The unbearable whiteness of the 'disaffected young woman' genre
Black women and girls have a right to indulge in a healthy dose of nihilistic comfort characters who reflect their reality.
Girl, Interrupted (1999)
Around this time last year, the “written by X author” trend was the latest craze. As an offshoot of the “written by a woman”/”written by a man” trend and the “main character” trend, people started to identify themselves with the type of characters written by specific authors. Most notably, many identified with the disaffected, depressed, yet daintily beautiful characters found in books written by Sally Rooney, Sylvia Plath or Ottessa Moshfegh. Although their captions did not list it, the subtext prerequisite also included whiteness.
The resurgence of the disaffected young woman trope on social media is understandable amidst the major moment of sociopolitical upheaval, climate crisis, global pandemic and overall turmoil we find ourselves living through. In “Cult of the Literary Sad Woman,” Leslie Jamison, a novelist and professor at Columbia University, traces the history of the “afflicted woman trope.” She describes the literary sad woman as “contoured and whittled by her suffering, self-destructive and utterly destroyed.” Jamison explains that, for her, the appeal of this literary trope lies in the relatability of the protagonist struggling and utterly failing to navigate the absurd experience that is life.
However, the overwhelming representation of white protagonists cannot be ignored. In “The Making of a Millennial Woman,” Another Gaze writer Rebecca Liu interrogates the Young Millennial Woman archetype, which is rooted in the literary sad girl tradition. She sums up the characterization of this type of woman, found in popular shows like Fleabag, Girls and novels written by Sally Rooney, as “pretty, white, cisgender and tortured enough to be interesting, but not enough to be repulsive. Often described as ‘relatable,’ she is, in actuality, not.” The sad girl’s embodiment of the ideal white feminine form is a more potent part of her appeal as opposed to her relatability.
The waif aesthetic is a manifestation of this appeal. A descendant of the early 2010s Tumblr “pale blogs,” characterized by angsty white girls in somber poses and thinspo posts, the waif subculture emerged in the late 2010s and early 2020s. Scroll down any page dedicated to the aesthetic and you’ll find mood boards of extremely thin white women dressed in lightly colored lace, Sylvia Plath quotes and scenes from films like Black Swan with ironic statements written over them. These images and quotes are meant to communicate the poster’s mysteriousness and tortured persona.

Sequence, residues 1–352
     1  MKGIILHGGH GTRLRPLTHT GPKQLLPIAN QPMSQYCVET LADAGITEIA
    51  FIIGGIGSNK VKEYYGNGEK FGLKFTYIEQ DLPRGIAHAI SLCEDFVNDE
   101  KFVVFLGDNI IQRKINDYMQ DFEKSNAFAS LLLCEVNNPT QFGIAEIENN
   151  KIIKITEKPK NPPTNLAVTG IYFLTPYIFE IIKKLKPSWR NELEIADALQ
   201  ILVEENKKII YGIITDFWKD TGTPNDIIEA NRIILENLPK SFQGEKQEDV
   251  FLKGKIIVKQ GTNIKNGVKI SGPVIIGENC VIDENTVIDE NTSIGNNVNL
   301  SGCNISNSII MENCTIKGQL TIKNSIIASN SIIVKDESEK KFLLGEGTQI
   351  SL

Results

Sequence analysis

Whereas the pale blogs were more melancholic in tone, waif pages adopted an unapologetic edge. Aesthetics Wiki, a site dedicated to the examination and archival of subcultures and trends, points out “gaining wealth and admiration is a common goal amongst these young women.” Waifs seek to embody the traits of their white nepotism idols, such as Lily-Rose Depp, who often pose with pouty lips and a bored/dissociative gaze.
The “female manipulator” identity is also fundamental to the disaffected young woman trope. In an act of subversion, some women seek to embody the destructive traits associated with manhood. When asked about the motivations for this trend, Sunny, a Chinese-American booktuber whose videos examine political theory, sapphic novels and an assortment of texts via an intersectional lens, posits that this trend is a reaction to the limitations placed on women by the patriarchy. “Women are expected to be friendly, nice and affable. You can’t be a bitch. There’s a lot of social consequences for that,” they explain. Sunny points out that there does not seem to be mal-intent behind this trend, instead, the white girls and women who participate lack “self-awareness of their position in society.” They fail to recognize that they, as white women, are the face of terror for many marginalized people.
When I use the term “whiteness” I do not solely mean that white women are overrepresented as protagonists. I also include whiteness as a hegemonic force used to subjugate and oppress people of color. Although these white protagonists often act violently upon themselves, through various forms of self-harm, eating disorders or engaging in dangerous sexual acts, to regain control of their lives, they also externalize this violence onto those they can get away harming. Their primary targets are often people of color, mainly Black people.